Michael Schumacher's retirement marked the end of an era for Formula One and Ferrari's managerial shake-up last week brought down the curtain on another.
When Kimi Raikkonen reports for duty at Maranello for the first time in January, Schumacher's replacement will find a very different team to the one of his illustrious predecessor.
The Finn will still communicate, as did the seven times world champion before him, in English but the team will be more Italian.
The 'Dream Team' so closely associated with Schumacher's success is no more.
Technical director Ross Brawn and engine expert Paolo Martinelli are leaving, while Jean Todt is likely to hand over the running of the team in the not-too-distant future. Designer Rory Byrne has taken a back seat since 2004.
Another team, whose faces are largely unknown beyond the factory walls, has been promoted to take their places.
Briton Brawn, the master strategist who was a key figure in all of Schumacher's titles with Benetton and then Ferrari, is taking a sabbatical.
Todt has been promoted to chief executive of the Ferrari group, with president Luca di Montezemolo saying at Monza last weekend that he would remain team boss for an interim period.
It is entirely conceivable that Brawn could return in 2008 as Todt's successor, possible with Schumacher's assistance, but next year his role will be filled by Mario Almondo, previously head of human resources, with Stefano Domenicali as sporting director.
South African Byrne -- who penned the cars that won Ferrari's six successive titles from 1999 to 2004 -- remains a design consultant but already spends much of his time in Thailand, with Aldo Costa now the main man.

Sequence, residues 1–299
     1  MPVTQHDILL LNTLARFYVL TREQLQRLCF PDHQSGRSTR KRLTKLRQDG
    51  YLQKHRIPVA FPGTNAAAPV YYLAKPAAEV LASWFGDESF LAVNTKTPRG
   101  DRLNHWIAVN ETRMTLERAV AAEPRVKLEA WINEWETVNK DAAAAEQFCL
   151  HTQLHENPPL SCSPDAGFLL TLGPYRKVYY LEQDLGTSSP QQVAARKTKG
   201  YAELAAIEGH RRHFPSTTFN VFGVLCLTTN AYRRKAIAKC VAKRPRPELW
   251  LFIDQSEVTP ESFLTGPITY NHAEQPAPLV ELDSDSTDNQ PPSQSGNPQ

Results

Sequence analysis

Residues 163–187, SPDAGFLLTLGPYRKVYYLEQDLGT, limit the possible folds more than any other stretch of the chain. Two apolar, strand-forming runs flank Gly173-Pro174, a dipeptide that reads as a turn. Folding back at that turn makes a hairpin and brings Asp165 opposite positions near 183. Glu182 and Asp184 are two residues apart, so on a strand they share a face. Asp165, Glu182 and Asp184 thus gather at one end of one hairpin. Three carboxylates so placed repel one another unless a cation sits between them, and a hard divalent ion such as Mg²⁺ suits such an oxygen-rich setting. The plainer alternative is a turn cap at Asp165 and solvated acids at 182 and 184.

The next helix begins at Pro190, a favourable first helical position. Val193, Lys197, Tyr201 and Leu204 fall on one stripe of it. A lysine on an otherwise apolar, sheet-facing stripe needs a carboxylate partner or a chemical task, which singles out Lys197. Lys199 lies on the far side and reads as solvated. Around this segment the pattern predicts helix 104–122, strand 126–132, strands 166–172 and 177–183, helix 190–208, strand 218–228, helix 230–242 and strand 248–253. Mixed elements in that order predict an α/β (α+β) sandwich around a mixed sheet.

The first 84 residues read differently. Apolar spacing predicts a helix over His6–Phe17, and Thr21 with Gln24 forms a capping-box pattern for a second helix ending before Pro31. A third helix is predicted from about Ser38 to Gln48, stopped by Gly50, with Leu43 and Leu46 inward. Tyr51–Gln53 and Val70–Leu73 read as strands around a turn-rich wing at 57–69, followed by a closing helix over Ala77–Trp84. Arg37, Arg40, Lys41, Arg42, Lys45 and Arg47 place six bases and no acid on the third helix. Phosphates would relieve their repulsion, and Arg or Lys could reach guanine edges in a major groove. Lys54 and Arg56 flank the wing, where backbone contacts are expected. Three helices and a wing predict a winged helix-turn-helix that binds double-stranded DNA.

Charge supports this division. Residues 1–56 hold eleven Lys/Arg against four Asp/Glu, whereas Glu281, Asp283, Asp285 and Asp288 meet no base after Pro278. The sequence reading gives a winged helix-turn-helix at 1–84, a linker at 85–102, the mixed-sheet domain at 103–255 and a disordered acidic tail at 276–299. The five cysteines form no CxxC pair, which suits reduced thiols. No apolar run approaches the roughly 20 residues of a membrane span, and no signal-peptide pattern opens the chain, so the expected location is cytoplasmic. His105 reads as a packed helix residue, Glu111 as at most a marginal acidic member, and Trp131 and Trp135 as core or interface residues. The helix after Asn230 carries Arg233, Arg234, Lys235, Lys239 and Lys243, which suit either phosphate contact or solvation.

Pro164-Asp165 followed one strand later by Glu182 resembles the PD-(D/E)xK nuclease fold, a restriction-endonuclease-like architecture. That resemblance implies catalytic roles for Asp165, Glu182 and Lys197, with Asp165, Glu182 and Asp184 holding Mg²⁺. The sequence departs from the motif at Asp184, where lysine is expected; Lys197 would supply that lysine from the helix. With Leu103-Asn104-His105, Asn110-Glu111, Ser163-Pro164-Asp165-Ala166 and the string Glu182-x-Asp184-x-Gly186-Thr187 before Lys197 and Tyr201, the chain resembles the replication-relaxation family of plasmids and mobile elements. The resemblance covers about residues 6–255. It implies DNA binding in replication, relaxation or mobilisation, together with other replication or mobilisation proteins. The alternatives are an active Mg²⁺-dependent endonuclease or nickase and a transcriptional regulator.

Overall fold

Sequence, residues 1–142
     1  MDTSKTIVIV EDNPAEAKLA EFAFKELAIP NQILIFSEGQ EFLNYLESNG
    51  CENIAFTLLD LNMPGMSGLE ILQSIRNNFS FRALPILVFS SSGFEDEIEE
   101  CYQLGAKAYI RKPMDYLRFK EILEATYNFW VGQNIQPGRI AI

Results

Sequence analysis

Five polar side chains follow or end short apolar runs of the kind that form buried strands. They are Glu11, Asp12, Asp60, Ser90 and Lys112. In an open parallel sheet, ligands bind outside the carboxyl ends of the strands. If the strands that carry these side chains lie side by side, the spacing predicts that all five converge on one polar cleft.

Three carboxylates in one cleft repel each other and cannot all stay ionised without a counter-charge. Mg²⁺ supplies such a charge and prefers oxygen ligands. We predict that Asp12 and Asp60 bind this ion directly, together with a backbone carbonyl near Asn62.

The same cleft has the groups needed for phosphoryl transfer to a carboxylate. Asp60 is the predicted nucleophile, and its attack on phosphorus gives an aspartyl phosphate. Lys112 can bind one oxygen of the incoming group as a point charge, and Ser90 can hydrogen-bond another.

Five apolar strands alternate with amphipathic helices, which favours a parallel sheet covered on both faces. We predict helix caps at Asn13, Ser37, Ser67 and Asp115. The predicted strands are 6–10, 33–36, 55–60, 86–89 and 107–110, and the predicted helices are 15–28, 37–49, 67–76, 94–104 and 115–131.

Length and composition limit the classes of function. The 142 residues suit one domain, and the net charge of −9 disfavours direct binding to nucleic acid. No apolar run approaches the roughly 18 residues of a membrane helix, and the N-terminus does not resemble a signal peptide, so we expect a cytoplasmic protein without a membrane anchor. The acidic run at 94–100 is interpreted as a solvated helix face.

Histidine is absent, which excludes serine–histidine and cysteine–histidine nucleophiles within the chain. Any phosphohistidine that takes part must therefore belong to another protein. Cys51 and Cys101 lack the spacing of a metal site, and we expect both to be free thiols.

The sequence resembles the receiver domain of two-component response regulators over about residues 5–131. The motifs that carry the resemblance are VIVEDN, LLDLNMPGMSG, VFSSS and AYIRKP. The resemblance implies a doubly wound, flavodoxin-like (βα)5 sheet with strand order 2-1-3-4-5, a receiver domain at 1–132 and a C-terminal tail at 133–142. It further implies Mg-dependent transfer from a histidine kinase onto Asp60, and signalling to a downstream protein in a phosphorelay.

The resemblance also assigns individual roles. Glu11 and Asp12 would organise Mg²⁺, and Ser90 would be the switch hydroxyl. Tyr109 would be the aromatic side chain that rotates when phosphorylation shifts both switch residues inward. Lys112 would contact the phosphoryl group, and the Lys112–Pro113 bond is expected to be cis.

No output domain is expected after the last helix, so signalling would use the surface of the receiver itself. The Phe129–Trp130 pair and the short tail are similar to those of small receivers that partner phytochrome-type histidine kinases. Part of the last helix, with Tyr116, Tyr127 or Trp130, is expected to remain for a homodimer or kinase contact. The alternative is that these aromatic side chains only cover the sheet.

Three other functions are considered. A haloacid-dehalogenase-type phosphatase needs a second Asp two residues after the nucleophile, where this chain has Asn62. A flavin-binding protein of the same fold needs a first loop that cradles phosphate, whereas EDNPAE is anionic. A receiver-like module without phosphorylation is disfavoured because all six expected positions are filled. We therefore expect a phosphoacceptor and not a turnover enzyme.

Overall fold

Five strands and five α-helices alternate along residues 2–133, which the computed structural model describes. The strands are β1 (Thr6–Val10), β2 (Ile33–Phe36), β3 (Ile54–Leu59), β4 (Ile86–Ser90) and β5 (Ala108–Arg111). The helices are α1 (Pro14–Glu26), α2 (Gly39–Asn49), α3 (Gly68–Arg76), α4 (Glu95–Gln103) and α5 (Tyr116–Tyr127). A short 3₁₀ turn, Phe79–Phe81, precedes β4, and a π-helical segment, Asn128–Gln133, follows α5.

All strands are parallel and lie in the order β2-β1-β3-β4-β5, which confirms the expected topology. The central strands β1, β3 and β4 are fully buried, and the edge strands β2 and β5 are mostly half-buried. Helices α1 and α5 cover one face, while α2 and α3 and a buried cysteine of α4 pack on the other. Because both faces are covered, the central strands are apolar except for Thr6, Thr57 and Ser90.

Engine director Paolo Martinelli moves to parent Fiat and is replaced by Frenchman Gilles Simon, his close assistant.
Most of the new generation are in their 40s and the big question is how much the handover will affect Ferrari's performance.
Once-dominant Williams have not been the same since top designer Adrian Newey departed in 1997, even if there are plenty of other reasons for that.
When Newey left McLaren for Red Bull in 2005, the team highlighted the fact that the departure was amicable and expected, with the designer fully involved in restructuring the technical team prior to going.
The fact remains that Williams, for whatever reason, have not won a race since the day Newey left.
A winning team has been broken up but both Brawn and Byrne are confident that the transition will be painless -- indeed that it has been proven to be so already -- and that Ferrari will remain the team to beat.
"I think Ferrari has possibly got the best continuity," Brawn said at the weekend.
"All the guys who are now designing the car and running the team are the guys who have been doing it for the past few years. So although I'm leaving and Michael's leaving, most of the structure is still there.
"It's important there is a 'clear the decks' time for them to get on with the job and show what they can do," added Brawn. "They are my proteges and nothing would make me prouder than for them to do a better job than I've been able to do."
Ferrari will have the advantage of years of working with Bridgestone, who become Formula One's sole tyre suppliers next year following Michelin's departure, and have been planning for some time for what Montezemolo referred to as the third era of his Ferrari presidency.
"I think Ferrari will continue to be strong, I see no reason why not," Byrne said in September when Schumacher announced his retirement.
"The 2004 car was the last I was responsible for and you've seen a car out there that was just as competitive, that's going well and is reliable. We've achieved the transition from me being responsible for the car to Aldo and Nikolas [Tombazis]."
Raikkonen, a very different character to Schumacher, may bring far more of a change to his new surroundings. But if he makes a winning start to his Ferrari career, it will soon seem like business as usual.